The AD Susceptibility Gene CH25H Is Involved in the Antiviral Immune Response

The gene cholesterol 25-hydroxylase (CH25H) regulates lipid metabolism and has been shown to be a susceptibility gene for sporadic AD. Specific CH25H haplotypes characterized by single nucleotide polymorphisms (SNPs) are associated with increased risk for sporadic AD in four ethnically-independent populations. Expression of CH25H is upregulated in specific AD-affected brain regions including the temporal cortex and hippocampus. Specific CH25H haplotypes are associated with different levels of Aβ deposition in the brain. Elderly non-demented subjects carrying CH25Hχ4 had high levels of Aβ deposits from postmortem medial temporal lobe brain samples, whereas CH25Hχ2 carriers lacked Aβ deposits (Papassotiropoulos et al., 2005).

CH25H is an interferon-stimulated gene involved in the host immune response against HSV-1 and other enveloped viruses. CH25H encodes the enzyme CH25H which oxidizes cholesterol to 25-hydroxycholesterol (25OHC). The multifunctional oxysterol 25OHC inhibits entry of enveloped viruses including HSV-1 by blocking viral fusion to the host cell (Liu et al., 2013). 25OHC functions as part of the innate immune system, with macrophage 25OHC expression induced by TLR agonists and PAMPs including LPS, poly (I:C), and lipoteichoic acid (Lathe et al., 2014). 25OHC is upregulated within mouse macrophages in response to viral infection or stimulation by interferons. 25OHC has been shown to have potent broad-spectrum antiviral activity against enveloped viruses in various host cell systems (Blanc et al., 2013; Lathe et al., 2014).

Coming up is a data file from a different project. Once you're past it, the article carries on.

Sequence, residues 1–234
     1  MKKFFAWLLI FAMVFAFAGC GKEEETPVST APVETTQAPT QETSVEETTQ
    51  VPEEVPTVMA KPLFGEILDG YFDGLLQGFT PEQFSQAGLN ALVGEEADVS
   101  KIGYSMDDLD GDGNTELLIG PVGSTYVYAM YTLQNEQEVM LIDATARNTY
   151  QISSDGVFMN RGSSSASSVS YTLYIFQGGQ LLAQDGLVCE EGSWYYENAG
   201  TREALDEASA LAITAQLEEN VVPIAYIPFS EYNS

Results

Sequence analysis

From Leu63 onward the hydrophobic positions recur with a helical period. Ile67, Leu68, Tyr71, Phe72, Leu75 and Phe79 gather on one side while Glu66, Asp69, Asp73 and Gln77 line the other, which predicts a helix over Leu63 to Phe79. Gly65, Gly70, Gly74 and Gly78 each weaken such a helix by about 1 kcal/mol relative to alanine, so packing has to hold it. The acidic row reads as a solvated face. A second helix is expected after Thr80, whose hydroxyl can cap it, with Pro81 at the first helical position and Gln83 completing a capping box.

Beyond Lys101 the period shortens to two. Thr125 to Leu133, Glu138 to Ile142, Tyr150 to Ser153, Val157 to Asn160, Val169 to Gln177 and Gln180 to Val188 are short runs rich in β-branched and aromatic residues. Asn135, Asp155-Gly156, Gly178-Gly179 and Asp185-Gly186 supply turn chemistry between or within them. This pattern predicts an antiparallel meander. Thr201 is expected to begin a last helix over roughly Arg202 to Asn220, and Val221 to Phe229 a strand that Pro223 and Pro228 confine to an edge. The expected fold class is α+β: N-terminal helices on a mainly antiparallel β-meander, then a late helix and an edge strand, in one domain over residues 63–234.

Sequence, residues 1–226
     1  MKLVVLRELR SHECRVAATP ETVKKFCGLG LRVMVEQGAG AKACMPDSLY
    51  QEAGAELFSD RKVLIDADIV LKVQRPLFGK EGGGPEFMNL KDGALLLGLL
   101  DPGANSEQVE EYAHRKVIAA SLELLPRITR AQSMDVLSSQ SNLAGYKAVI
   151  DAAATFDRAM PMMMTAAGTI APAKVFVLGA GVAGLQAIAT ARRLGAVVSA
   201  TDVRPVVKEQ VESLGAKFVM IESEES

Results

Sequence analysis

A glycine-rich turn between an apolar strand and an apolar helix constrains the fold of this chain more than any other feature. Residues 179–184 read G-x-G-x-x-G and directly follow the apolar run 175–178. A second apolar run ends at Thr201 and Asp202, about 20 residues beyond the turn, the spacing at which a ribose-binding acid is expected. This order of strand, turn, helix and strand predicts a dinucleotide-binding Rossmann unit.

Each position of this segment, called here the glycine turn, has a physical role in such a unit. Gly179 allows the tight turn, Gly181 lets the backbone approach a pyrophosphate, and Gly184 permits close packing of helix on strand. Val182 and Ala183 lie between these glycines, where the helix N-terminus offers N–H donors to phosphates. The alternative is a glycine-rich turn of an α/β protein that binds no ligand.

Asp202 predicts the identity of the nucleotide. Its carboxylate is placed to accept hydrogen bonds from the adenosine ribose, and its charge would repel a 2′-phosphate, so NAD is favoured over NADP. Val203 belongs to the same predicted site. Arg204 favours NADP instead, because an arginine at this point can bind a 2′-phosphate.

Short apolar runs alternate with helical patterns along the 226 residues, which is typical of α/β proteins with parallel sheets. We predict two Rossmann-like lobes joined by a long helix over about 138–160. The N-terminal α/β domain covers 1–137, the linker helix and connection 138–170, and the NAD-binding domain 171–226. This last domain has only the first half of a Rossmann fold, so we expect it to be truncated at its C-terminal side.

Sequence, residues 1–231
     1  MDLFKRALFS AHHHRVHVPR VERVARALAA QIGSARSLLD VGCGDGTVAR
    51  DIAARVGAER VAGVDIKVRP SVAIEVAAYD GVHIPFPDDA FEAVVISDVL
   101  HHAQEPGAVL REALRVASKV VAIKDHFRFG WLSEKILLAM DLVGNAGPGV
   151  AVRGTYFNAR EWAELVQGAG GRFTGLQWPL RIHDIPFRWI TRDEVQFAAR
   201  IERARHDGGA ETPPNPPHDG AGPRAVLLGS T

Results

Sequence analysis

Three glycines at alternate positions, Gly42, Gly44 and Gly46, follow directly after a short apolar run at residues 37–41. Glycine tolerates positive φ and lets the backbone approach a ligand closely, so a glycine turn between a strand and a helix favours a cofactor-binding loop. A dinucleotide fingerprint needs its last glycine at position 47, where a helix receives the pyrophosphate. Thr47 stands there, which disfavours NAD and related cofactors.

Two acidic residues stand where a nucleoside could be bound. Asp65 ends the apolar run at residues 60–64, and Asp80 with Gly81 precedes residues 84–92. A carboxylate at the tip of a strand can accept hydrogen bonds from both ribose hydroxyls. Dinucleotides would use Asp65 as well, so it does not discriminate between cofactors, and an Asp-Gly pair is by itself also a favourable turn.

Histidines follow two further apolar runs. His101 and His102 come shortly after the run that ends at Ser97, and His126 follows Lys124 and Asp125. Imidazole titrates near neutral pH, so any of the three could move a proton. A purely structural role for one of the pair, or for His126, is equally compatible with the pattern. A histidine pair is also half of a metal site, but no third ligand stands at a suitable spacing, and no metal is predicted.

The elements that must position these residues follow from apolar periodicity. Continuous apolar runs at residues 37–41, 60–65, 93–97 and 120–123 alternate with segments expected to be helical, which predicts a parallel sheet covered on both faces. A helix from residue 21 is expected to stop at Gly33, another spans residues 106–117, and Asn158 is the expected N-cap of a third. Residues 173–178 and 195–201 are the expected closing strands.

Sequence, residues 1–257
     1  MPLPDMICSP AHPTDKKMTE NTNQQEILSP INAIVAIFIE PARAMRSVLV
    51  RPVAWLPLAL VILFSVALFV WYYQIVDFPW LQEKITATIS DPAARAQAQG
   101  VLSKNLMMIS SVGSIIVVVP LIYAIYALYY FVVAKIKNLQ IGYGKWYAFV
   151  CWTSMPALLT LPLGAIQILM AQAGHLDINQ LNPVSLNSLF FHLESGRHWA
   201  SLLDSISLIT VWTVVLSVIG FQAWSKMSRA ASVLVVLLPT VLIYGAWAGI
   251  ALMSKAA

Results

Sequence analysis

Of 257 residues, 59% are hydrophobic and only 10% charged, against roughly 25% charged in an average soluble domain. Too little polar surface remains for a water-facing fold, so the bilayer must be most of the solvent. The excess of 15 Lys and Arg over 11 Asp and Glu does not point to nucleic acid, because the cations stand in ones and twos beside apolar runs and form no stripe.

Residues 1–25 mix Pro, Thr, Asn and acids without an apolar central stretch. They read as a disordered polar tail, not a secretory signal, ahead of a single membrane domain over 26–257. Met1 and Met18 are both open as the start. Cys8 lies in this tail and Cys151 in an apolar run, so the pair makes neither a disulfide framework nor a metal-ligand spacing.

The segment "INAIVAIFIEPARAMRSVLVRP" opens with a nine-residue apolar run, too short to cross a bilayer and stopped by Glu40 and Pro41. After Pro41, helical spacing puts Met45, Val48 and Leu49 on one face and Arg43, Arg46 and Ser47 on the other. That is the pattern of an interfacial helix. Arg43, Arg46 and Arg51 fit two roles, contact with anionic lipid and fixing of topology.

Lathe et al. (2014) reviews evidence supporting the hypothesis whereby chronic production of 25OHC by macrophages in response to viral pathogens results in elevated levels of insoluble cholesteryl esters in the brain. As proposed, excessive production of cholesteryl esters leads to fat deposition in macrophages, formation of functionally impaired foam cells, and atherosclerosis of cerebral vessels with vascular occlusion, which contributes to AD pathology. In addition, Itzhaki et al. (2016) points out that polymorphisms in CH25H influence both susceptibility to AD and deposition of Aβ, suggesting that Aβ induction by 25OHC may be a potential mechanistic link between host immune response to viral infection and production of Aβ in the AD brain.

HSV-1 Interacts with Neprilysin and GSK3β Genes via APP Intracellular Domain

The enzyme neprilysin degrades Aβ in the brain and has been implicated in AD pathophysiology, with lower levels of neprilysin found in AD brains (Yasojima et al., 2001; Marr et al., 2004; Iwata et al., 2005). The enzyme GSK3β is involved in hyperphosphorylation of tau protein and overproduction of Aβ and in the AD brain (Hooper et al., 2008). Wozniak et al. (2009a) found that HSV-1 infection of neuronal cells resulted in phosphorylation of tau proteins at AD-specific sites. The virus induced increased levels of GSK3β and PKA, enzymes which phosphorylate tau proteins at these sites.